I was talking to my prenatal yoga teacher training students this weekend about the pelvic floor and the importance of being familiar with it as a prenatal yoga teacher.
We were discussing healthy pelvic function during pregnancy and postpartum when someone asked the question, “Are the Mula Bandha and the pelvic floor the same thing?”
Now, many of the trainees in this prenatal yoga teacher training also hold a 200-hour yoga certification which means they have some background knowledge of the Mula Bandha, but others are newer to the practice of yoga, so this was new to them.
I realized that many folks may be asking this question, especially those in the birth worker world so I wanted to take an opportunity to give everyone a basic understanding of the two.
The Mula Bandha is a Sanskrit term meaning “root lock”. The Mula Bandha refers to the general area of your root chakra and is the yogic practice of contracting the root chakra up and holding it in a contracted action. The root chakra is located at your perineum, which is the area between your anus and genitals.
Yoga practice is a practice of uniting the energy of the physical body with the prana (energy) of your breath, mind, and spirit. So, there is an energetic component to the practice of the root lock.
Engaging Mula Bandha is practiced preventing the escape of energy, specifically apana vayu, or downward flowing energy.
It is contraindicated when we are bleeding during menses as it disrupts the downward flow of blood.
In addition to having an energetic aspect, it also acts as a physical practice of strengthening those pelvic floor muscles, however, there is little emphasis placed on the relaxation or releasing of the pelvic muscles following the contraction.
Many times, I have heard yoga instructors cue to “release” the hold with no further verbal cues after that. The practice of Mula Bandha or “root locking” is contraindicated in folks with hypertonic (too tight or tense) pelvic floor dysfunction. The problem here is that not everyone is aware of the state of their pelvic function, so it is not a practice I like to teach to a group of yoga students in a class.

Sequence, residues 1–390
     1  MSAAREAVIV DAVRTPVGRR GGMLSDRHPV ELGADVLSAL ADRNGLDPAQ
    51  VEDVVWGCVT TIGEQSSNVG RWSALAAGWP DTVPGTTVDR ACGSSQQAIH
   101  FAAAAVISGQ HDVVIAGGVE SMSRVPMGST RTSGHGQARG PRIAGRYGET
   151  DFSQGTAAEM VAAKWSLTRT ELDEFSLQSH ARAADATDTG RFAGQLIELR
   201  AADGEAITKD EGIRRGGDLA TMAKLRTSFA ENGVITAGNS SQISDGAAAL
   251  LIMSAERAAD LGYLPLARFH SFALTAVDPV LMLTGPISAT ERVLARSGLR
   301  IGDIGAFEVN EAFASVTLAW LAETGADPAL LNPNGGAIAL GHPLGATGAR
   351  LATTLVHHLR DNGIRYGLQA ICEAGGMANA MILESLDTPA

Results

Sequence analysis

I also here yoga instructors give the verbal cue to “imagine that you are cutting off the flow of urine” to root lock or engage Mula Bandha. This is an OK verbal cue, but it could use some improvement.
When we are urinating and we actively cut off the flow of urine mid-stream, we are engaging the front ¼ of our pelvic floor called the urogenital triangle. But there are 3 other sections of the pelvic floor that we are leaving out of this action. They are the area around your anus (think those muscles used to hold in a fart) and the 2 sides of your pelvic floor, under your sitting bones or ischial tuberosities.
Think of your pelvic floor like the face of a clock divided into 4 quadrants like the image below.
So, now that you see this imagery, if you are only contracting the muscles that are used to cut off the stream of urine, you are leaving out quite a bit of your pelvic floor landscape by only engaging the area of your urogenital triangle.
How is Mula Bandha different than a Kegel or Pelvic Floor Contraction?
Mula Bandha engagement is not that different than a Kegel exercise. The same verbiage is used to cue pelvic floor engagement, at least in my personal experiences. When you have a pelvic floor physical or occupational therapist or a person trained in corrective exercise guiding a pelvic floor contraction, they will guide you to focus on all four quadrants of your pelvic floor during the contraction BUT they will place just as much emphasis on the releasing and the softening of the pelvic floor muscles, too.
This next part is the part where people who facilitate yoga classes can really put this knowledge into action.
The MIND-BODY connection between your mental/emotional brain and the physical area of your body that houses the pelvic floor need to have a healthy relationship to stay functioning optimally.
So, yoga teachers, birth workers and corrective exercise specialists can lead the pelvic floor contraction/release exercises and pair them with mindfulness tools like breath work and guided meditation with a pelvic floor focus to facilitate their client’s pelvic floor healing or strengthen their relationship to this area to prevent future dysfunction.
I have examples of such exercises and practices on my Instagram TV Channel and you can find it by my handle, @mamashaktiprenatalyoga.
The IGTV channel looks like the “PLAY” button on a TV remote and in that setting you will find “Series” in the upper left-hand corner.
· In the “Pelvic Health” series, you will find a guided pelvic floor meditation.
· In the “Breath Work” series, you will find both the 360 Breath and the Pelvic Clock Exercise.
Start with those videos and let me know what you think!
By Jessica Freedman, Founder of MamaShakti Prenatal Yoga
The Bella Prāṇa Wellness Collective is a yoga and meditation studio located in Tampa, FL. Jessica Freedman (she/her) is the Director of Family Programing at Bella Prāṇa and lead instructor in our Prenatal Teacher Training. She is a 200 HR RYT, Children’s author, a graduate of the University of Tampa, wife and mama. Jessica’s offerings include Prenatal Yoga Teacher Trainings, prenatal, postnatal, restorative for pregnancy, and core and pelvic floor classes.